Denver hasn't adopted a new state law allowing marijuana industry billboards in Colorado, but that could change soon.
State laws implemented in January let marijuana companies advertise outdoors using billboards, but as with many new pot freedoms, local jurisdictions have to opt in first. And so far, Denver hasn't.
Colorado’s current marijuana advertising laws, created by the State Licensing Authority, follow voluntary advertising restrictions similar to those used by the alcohol industry to prevent the sale or diversion of marijuana to minors. However, the plant's federal status led to a more restrictive advertising landscape for pot than for alcohol.
With the exception of company signs on business properties, any advertising visible from streets, sidewalks, parks and other public places was illegal until January 2020, but that restriction is starting to ease, thanks to a 2019 bill overhauling state marijuana industry regulations. Marijuana businesses may now use outdoor advertising as long as it's at least 500 feet away from schools, playgrounds and churches...and the municipality where the sign site is located allows such advertising.
Denver hasn't joined the party yet, but could allow marijuana billboards in the future, according to Eric Escudero,
communications director for the Denver Department of Excise and Licenses.
All outdoor cannabis advertising is still illegal in Denver, but as nearby communities such as Glendale and Lakeside — which some people assume are pot of Denver — allow the pot industry to buy billboards, "It’s possible that Denver could align more with what the state law is," Escudero says.
Denver City Council is expected to decide whether to adopt a sweep of new marijuana regulations that Escudero calls "Marijuana 2.0" before the end of the year. Along with potential changes to advertising policy, the city will consider adopting looser rules surrounding marijuana hospitality and delivery. After compiling input from public-health officials, industry representatives and social equity advocates, Excise and Licenses will make formal recommendations to the council, which ultimately decides on marijuana policy changes.
Current Colorado law states that advertisements cannot appear in media where more than 28.4 percent of the target audience is under 21, the legal age to buy or possess recreational pot. Marijuana businesses may advertise on television and radio, in print publications or on the Internet as long as the ads comply with target age restrictions, and as long they don't claim that products are safe or have health benefits.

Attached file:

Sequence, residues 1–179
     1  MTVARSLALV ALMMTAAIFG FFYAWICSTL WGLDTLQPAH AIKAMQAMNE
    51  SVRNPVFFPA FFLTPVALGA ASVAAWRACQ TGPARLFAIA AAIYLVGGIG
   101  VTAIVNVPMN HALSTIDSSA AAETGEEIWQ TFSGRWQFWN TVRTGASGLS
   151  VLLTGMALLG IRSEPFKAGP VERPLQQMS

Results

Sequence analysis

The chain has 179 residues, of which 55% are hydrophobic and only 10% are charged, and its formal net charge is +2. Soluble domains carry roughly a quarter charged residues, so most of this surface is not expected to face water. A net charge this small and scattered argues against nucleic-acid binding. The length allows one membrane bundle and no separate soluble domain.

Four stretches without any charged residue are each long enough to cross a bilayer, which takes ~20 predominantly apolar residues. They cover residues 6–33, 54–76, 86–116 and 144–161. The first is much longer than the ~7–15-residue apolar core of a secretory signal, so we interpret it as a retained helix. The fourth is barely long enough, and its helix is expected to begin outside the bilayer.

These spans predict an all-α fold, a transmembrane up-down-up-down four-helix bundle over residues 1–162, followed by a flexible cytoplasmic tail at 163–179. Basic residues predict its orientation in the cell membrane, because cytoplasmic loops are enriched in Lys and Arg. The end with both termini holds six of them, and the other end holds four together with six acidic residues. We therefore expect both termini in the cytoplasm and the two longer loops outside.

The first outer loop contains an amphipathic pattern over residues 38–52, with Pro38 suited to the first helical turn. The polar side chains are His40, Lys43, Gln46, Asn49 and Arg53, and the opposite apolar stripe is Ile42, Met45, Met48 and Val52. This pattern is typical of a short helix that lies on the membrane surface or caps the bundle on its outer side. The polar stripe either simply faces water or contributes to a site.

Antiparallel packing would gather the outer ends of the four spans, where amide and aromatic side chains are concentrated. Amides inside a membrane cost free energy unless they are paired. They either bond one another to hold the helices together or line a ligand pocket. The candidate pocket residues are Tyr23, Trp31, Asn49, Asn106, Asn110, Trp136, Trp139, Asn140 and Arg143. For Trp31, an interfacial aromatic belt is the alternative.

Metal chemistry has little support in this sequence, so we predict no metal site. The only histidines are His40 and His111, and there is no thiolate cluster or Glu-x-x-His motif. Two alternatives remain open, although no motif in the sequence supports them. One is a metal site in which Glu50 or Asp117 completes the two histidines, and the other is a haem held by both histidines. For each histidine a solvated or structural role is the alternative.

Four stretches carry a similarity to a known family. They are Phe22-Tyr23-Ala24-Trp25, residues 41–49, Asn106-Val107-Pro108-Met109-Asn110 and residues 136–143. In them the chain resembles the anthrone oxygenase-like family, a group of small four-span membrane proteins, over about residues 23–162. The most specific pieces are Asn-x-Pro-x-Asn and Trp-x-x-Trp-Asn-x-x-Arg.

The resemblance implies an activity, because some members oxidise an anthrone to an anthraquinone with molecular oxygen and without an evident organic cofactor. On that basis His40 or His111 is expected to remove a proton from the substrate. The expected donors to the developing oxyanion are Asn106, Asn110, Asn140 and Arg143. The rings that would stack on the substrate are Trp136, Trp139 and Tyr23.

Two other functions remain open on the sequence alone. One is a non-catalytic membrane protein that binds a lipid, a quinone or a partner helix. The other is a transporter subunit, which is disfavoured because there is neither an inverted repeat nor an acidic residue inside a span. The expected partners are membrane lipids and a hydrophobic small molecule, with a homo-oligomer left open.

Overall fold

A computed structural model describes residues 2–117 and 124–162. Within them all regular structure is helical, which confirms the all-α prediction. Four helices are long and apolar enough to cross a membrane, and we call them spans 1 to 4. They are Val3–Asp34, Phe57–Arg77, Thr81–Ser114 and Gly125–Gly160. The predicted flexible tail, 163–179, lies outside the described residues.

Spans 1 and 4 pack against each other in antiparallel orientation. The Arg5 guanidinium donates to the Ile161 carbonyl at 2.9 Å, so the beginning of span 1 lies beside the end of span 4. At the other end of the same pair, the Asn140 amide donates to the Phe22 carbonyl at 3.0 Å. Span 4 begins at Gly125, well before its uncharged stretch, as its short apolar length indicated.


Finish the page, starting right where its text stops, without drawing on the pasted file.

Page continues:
Colorado marijuana businesses have already found another way to showcase themselves, however.
The Sponsor a Highway program — a partnership with the state Department of Transportation in which private entities maintain a clean, two-mile stretch of highway in exchange for a sign displaying the sponsor's name — saw marijuana companies sponsor 48 percent of the program's 248 miles of highway in 2018, according to a Westword report by Michael Roberts.
Silver Stem Fine Cannabis, one of several Colorado businesses that has adopted roads throughout the state, doesn't consider participation in the Sponsor a Highway program a form of advertisement (even though one of the first references on the Sponsor a Highway's website concerns brand exposure). Since the message that appears on a sign cannot include product information or business locations, Silver Stem co-founder Stan Zislis contends that he and his colleagues "truly believe that our sponsorship of Adopt-a-Highway is truly a sponsorship in the full sense of the word, and not advertising."
Although Silver Stem Fine Cannabis doesn't currently have plans for outdoor advertising, Zislis sees the relaxation of cannabis advertising laws as a good move forward. "The underlying message during the Amendment 64 campaign was to regulate marijuana like alcohol. While marijuana still remains a more restrictive commodity, this is a step in the right direction for the industry," he says.
Before any new advertising changes are enacted in Denver, though, the city will consider their impact on how youth perceives marijuana, according to Escudero. Since recreational legalization passed in late 2012, Colorado as a whole has not seen a dramatic increase in youth pot consumption, but marijuana consumption rates among Denver's teens have remained among the highest in the state, according to data from the Colorado Department of Public Health and Environment.
“The priority is making sure that that perception of risk does not go down — making it so that youth do not believe that it’s okay for them to use," Escudero says. “Part of the promise when marijuana was legalized in the state was protecting youth. ... That dire prediction of youth usage skyrocketing has not happened, and we want to keep it that way.”
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